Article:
A Series of Events Highlights How Our Food System Does and Doesn’t Work
Thursday, September 5, 2013
By Lucas Ryden
Our food system is under heavy fire. Decades of scientific research and investigative journalism have come together in a wave of protest against the ways in which food is produced, distributed, and consumed in the United States. At the heart of this debate is the issue of food sovereignty, an umbrella term that seeks to answer a profoundly complicated and timely question: Who decides what we eat?
This question is the focus of Food Sovereignty Week, a series of public events organized by the Orfalea Foundation and Share Our Strength that will take place September 9-15 in Santa Barbara. Highlights include a free screening of the documentary A Place at the Table on Tuesday, September 10, followed by a discussion titled The Future of Hunger with celebrated author Jan Poppendieck on September 12. The events conclude with the Foodbank of Santa Barbara County’s second annual Table of Life Gala on Sunday, September 15.
Although each event explores different issues through different perspectives, they share a common premise that public policies in the United States have failed to create an equitable food system that fosters both environmental and human health.
“Food Sovereignty Week is an opportunity for concerned people and organizations to come together and learn about progress in the areas of hunger alleviation, food literacy, and food system reform,” says Lois Mitchell, president of the Orfalea Foundation and one of the chief organizers of the events. “It’s all connected. When people understand how food affects their health, their communities, and their children’s ability to learn, they strive to make better choices.”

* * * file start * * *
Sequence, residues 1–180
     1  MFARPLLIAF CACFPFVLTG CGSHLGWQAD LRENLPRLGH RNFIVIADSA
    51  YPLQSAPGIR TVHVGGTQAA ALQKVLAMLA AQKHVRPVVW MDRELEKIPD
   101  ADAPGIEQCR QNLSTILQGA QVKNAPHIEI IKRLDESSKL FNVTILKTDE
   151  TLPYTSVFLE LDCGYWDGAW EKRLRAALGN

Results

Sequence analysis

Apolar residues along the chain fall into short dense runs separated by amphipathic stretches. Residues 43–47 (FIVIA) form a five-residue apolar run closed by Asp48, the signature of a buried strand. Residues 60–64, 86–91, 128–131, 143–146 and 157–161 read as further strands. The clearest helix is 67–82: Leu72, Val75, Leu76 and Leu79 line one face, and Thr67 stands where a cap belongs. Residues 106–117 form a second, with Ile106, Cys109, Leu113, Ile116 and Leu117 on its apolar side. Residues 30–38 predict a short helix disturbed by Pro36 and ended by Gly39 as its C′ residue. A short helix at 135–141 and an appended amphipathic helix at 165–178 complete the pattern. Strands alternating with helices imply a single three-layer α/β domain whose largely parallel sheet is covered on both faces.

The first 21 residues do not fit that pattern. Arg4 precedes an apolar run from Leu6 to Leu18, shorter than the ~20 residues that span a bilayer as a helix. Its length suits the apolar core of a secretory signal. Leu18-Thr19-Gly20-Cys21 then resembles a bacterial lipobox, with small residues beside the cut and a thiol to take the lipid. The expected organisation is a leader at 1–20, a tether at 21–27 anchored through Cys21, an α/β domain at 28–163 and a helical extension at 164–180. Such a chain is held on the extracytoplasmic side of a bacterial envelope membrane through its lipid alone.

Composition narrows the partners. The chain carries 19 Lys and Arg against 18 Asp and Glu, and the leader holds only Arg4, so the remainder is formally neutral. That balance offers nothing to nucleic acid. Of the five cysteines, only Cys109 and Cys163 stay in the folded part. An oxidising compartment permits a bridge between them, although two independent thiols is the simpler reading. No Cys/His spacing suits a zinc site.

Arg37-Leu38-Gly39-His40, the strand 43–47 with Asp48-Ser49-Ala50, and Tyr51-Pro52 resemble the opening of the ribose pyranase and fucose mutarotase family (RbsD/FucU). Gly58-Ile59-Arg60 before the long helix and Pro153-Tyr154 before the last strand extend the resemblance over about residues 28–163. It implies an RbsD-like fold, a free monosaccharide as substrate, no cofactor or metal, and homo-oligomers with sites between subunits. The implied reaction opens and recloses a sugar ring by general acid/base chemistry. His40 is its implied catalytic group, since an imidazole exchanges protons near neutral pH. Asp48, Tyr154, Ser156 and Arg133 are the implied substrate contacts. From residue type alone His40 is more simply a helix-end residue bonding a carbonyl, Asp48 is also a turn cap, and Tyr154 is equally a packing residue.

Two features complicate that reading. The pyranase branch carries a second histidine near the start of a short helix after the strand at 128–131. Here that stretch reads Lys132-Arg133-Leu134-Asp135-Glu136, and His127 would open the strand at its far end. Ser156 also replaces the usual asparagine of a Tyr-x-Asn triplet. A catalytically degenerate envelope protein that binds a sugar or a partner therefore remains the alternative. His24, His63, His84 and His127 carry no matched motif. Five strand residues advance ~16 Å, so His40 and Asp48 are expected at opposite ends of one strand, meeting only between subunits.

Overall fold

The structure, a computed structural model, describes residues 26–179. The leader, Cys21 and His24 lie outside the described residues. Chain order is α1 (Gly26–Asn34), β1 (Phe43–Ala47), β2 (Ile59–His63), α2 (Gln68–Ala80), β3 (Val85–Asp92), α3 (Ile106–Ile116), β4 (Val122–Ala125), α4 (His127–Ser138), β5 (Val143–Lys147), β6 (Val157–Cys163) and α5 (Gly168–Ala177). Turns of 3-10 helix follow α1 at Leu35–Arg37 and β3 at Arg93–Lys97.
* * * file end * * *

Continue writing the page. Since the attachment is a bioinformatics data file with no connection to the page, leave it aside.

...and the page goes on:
Mitchell says Food Sovereignty Week developed organically, starting with a desire to bring author and sociologist Jan Poppendieck to Santa Barbara. Poppendieck is also featured in A Place at the Table, so the Orfalea Foundation decided a screening of the film would be an engaging way to build momentum for her discussion. The timing of these two events coincided perfectly with the Foodbank’s annual Table of Life Gala, and suddenly Food Sovereignty Week was born.
“The screening of A Place at the Table provides some context for and promotes the work of Jan Poppendieck,” says Erin Weber, special events coordinator for the Orfalea Foundation. “Those two events are either low or no-cost events, and their purpose is to raise awareness for how we arrived at our current circumstances and what we can do to change them.”
The week will conclude with the Table of Life Gala, which provides fundraising avenues for donors to contribute to the issues addressed at the first two events. According to Mitchell, philanthropy performs a pivotal role in many cases like this, where social benefit programs have been veritably abandoned or avoided by the public sector. All proceeds from the Gala will support the Foodbank’s Feed the Future program to advance nutritional health and food literacy for children of all ages.
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